One of the protesters outside the Law Courts who was urging freedom for Meng Wanzhou on Jan. 20 said he was promised $100.
The man, who refused to provide his name or appear on camera, spoke with documentary filmmaker Ina Mitchell. [Click below to hear exclusive audio.]
Students protested in favour of freeing Meng Wanzhou. (Mackin)
The man said he was told he was going to be in a music video. But he ended up outside the Law Courts on the opening day of the extradition hearing for the chief financial officer of Huawei. He held a letter-size paper sign with “Equal Justice” written on it.
“That was the promise [$100 to be in a music video], and then it was like, when there was all these cameras, for a long time I believed it was filming a scene where someone was coming out of a car,” he said. “So I was genuinely like, OK, fine to do this. Then reporters start showing up and, I don’t feel great about this anymore. I haven’t done anything wrong.”
He said he started asking questions, but was faced with a “merry-go-round of non-answers.”
Outside the Smithe Street entrance, where Meng would arrive with her court-appointed security guards, the group of two-dozen students carried similar signs urging an end to the extradition hearings. Their signs said “Free Ms. Meng. Bring Michael home. Trump stop bullying us. Equal justice.”
Happening now: students parroting the message of ex-Chrétien chief of staff Eddie Goldenberg await Meng Wanzhou’s arrival at the Law Courts. Are they paid to be here? #cdnpoli #bcpoli #humanrights pic.twitter.com/02HaTcJN1d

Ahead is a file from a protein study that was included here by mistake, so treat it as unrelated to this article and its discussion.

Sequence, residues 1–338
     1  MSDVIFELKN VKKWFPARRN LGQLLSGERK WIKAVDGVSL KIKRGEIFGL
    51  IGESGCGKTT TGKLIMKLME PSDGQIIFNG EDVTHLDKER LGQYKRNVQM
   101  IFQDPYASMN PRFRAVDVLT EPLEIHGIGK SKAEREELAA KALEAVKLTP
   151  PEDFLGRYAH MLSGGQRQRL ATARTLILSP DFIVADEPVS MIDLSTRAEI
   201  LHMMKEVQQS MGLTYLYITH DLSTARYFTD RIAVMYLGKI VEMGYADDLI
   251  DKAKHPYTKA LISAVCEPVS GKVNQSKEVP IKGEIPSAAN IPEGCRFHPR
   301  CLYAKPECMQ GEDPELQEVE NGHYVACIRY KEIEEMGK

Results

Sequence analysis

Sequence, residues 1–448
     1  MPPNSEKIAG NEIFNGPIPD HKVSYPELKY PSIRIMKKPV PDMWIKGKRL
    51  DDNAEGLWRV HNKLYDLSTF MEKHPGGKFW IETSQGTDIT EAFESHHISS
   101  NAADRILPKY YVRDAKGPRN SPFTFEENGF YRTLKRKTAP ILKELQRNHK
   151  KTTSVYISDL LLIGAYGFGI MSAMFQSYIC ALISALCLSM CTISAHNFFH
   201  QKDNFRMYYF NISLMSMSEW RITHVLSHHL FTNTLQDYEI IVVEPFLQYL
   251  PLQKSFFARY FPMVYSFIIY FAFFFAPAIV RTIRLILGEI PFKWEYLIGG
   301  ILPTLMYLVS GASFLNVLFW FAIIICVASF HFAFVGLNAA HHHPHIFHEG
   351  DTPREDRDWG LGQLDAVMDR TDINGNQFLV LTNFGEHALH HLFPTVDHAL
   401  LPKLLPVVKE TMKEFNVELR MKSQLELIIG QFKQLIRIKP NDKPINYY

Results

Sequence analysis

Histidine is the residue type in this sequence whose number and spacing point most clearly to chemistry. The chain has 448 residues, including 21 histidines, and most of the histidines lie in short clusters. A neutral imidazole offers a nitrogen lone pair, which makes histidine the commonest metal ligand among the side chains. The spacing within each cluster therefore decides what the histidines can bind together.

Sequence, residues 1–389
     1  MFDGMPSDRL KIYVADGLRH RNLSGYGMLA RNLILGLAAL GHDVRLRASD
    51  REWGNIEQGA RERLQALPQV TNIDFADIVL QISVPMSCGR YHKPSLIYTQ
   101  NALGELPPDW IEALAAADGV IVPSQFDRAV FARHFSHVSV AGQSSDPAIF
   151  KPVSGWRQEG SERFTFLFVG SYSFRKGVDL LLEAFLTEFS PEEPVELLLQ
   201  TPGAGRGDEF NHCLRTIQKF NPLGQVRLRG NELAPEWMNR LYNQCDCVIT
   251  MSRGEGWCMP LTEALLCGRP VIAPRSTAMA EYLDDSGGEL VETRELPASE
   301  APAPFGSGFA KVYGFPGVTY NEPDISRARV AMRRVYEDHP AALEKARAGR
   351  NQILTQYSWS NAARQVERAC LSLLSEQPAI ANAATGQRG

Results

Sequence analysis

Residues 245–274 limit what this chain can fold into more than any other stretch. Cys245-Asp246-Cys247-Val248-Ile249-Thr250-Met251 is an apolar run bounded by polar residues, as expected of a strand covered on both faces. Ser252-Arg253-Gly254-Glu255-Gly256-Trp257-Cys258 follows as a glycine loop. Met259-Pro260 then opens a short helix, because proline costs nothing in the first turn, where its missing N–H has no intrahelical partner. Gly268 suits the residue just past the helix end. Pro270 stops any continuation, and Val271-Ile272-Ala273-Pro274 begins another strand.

— theBreaker.news (@theBreakerNews) January 20, 2020
Oddly, the signs referred to Meng as “Ms. Meng” and mentioned “Michael,” in the singular.
China arrested two Canadian men named Michael, diplomat Kovrig and businessman Spavor, in apparent retaliation for Meng’s detention in December 2018. They languish in jail in China, cut-off from their families and lawyers. Meanwhile, Meng lives under a curfew as part of her $10 million bail conditions in her Shaughnessy mansion which, coincidentally, is mortgaged by HSBC. The same bank she is accused by the U.S. government of defrauding.
Actress Julia Hackstaff protesting in favour of Meng Wanzhou on Jan. 20 (Mackin)
theBreaker.news asked some of those who were holding signs who they were, how they were affiliated and whether they were paid. None co-operated. One of the protesters said he was unaware of the extradition treaty between Canada and the U.S. and did not know the facts of the case. Another would not deny that the group was paid to appear outside the courthouse on the rainy Monday morning.
Keean Bexte of The Rebel News reported that one of the protesters was actress Julia Hackstaff. Her social media accounts show no explicit evidence of prior social activism.
Hackstaff’s IMDB bio credits include an appearance as a cult member in a 2019 video short called Monogamy, directed by Kick Chen.
The message on the signs echoed a Globe and Mail guest commentary last week by Eddie Goldenberg, a lawyer with the Bennett Jones law firm who was the chief of staff to former Liberal Prime Minister Jean Chretien. Chretien is now a lawyer with Dentons, an international law firm with offices throughout China. Goldenberg is the latest Liberal Party member to advocate for the Trudeau Liberal government to set a precedent and meddle in the case.
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